However, the US seeks through FTAs that its partners are required to grant "exclusive rights" to the originator companies over the use of their test data, thus placing a serious hurdle in the way of the use of generic drugs.
Dr Jiraporn Limpananont, a pharmacy professor with the Drug Study Group in Thailand, said that the US was pushing for a range of such TRIPS-plus provisions in its FTA negotiations with Thailand. According to Limpananont, such provisions would remove the ability of Thailand to make use of the existing TRIPS flexibilities; result in much higher prices of medicines; and block research and development of local drug manufacturers, as generic drugs cannot be developed and there would be no supply of patented active ingredients.
Chutima Akaleephan of the Ministry of Health of Thailand said that a study had been undertaken on the possible effects of introducing TRIPS-plus provisions in the FTA. Estimates show that an extension of market exclusivity by three years would result in additional cost of medicines to Thailand of between $65 million and $279 million annually. If the extension is by ten years, the annual extra expenses would be in the range of $837 million to $5.4 billion.
Renee Vellve from GRAIN, an NGO based in the Philippines, said that many FTAs signed by developing countries with the European countries (in EFTA or the EU) and with the US contain many TRIPS-plus provisions in relation to the patenting of biological resources.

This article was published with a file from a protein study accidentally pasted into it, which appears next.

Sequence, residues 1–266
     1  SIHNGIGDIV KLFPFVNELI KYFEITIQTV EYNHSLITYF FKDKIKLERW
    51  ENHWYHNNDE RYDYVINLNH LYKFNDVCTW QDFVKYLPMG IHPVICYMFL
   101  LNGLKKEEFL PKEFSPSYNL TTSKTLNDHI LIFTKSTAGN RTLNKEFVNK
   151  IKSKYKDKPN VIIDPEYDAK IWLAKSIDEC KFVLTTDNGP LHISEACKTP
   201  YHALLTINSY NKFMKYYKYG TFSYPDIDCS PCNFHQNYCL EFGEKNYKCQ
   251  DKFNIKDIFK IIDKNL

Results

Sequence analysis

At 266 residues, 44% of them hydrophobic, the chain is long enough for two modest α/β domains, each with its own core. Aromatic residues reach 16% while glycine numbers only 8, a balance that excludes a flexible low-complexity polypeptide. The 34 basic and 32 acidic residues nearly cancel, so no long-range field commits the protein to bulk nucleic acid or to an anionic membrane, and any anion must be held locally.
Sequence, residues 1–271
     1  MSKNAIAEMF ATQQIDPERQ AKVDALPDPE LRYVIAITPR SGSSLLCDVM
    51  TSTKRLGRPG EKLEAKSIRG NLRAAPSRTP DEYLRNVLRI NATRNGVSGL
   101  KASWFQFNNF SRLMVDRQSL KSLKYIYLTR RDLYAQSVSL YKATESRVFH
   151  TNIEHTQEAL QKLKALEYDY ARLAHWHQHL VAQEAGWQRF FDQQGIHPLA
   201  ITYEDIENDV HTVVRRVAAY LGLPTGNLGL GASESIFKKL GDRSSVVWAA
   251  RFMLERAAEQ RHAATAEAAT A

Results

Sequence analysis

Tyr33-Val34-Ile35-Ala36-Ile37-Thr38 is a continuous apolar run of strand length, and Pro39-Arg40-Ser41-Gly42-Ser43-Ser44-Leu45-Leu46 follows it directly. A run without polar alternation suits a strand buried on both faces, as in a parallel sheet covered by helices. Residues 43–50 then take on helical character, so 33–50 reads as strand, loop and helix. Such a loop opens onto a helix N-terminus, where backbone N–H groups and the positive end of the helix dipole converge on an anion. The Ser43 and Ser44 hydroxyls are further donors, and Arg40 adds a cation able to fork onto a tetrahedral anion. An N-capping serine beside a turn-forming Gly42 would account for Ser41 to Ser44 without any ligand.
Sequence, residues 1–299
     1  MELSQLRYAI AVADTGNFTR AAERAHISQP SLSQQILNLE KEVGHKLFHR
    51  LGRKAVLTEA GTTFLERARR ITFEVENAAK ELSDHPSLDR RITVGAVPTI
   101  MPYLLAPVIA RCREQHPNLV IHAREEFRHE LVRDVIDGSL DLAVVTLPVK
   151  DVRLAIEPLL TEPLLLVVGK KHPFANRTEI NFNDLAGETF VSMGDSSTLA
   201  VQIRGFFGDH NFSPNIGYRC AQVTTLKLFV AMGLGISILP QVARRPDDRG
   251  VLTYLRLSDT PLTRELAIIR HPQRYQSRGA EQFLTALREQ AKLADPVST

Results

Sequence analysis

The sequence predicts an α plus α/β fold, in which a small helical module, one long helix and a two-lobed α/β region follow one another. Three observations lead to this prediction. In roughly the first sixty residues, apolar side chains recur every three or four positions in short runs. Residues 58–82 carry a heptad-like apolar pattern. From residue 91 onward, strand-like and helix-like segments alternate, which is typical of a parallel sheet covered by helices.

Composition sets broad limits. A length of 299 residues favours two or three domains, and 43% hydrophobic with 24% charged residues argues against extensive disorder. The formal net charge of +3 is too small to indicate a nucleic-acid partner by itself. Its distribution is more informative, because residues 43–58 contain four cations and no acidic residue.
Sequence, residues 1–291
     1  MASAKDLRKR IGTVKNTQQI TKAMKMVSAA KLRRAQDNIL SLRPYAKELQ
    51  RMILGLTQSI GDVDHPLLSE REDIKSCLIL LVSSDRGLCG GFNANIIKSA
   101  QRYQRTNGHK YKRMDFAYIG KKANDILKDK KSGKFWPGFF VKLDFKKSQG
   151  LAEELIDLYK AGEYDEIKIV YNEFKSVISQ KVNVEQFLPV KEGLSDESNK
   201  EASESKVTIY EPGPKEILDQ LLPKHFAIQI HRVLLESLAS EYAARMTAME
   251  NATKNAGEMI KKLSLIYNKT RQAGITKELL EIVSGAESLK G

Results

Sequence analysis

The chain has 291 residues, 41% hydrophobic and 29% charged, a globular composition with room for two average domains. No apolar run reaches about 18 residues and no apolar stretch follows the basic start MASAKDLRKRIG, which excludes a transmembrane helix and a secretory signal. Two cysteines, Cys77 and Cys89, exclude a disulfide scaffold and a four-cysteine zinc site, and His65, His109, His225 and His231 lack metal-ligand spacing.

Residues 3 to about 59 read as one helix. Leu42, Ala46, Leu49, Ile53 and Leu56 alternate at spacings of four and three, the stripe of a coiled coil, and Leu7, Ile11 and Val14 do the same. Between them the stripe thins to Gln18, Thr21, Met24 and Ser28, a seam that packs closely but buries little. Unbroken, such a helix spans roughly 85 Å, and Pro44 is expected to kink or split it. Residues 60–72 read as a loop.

Although TRIPS allows WTO members to exempt patenting of plants and animals, some FTAs require the parties to patent plants, and in some cases plants and animals.
Also, the TRIPS provides that members can establish a "sui generis" system of protection of plant varieties. However, in several FTAs with the US, the developing country is required to accede to the UPOV treaty, with many mentioning UPOV 1991 (the latest version of the treaty that has especially "high" standards of plant breeders’ rights that severely restricts the farmers’ rights to save and re-use seeds).
Sangeeta Shashikant of TWN said that several treaties had been concluded at the World Intellectual Property Organisation (WIPO) which contained higher obligations than the TRIPS agreement. In recent FTAs with the US, the developing country is obliged to sign on to many of the WIPO treaties, thus requiring them to take on TRIPS-plus standards of IP.
She also said that in many FTAs involving the US, the developing countries are obliged to take on TRIPS-plus obligations with regard to copyright. For example, while TRIPS and the Berne Convention establishes copyright protection for the period of the lifespan of the holder plus 50 years, the FTA extends the period to life plus 70 years.
Some FTAs also require the parties to provide for technological protection measures (TPMs), in line with US domestic law (1998 Digital Millennium Copyright Act). The TPMs have been criticized by
consumer groups for limiting fair use of copyrighted materials and for having a chill-effect on freedom of expression and scientific research.
Although the TRIPS agreement does not require WTO members to establish TPMs, some of the FTAs require the parties to have TPMs, with standards even higher than the US law.
Sangeeta also said that some FTAs require the parties to have enforcement laws that are stricter than TRIPS, for example, in the criminalizing of some aspects of infringements on copyright and trademark counterfeiting that are not required by TRIPS.
At the workshop, government officials and NGOs also made presentations on the state of negotiations of FTAs in which the country is involved, and its implications. A summary of the workshop discussions and recommendations was also presented.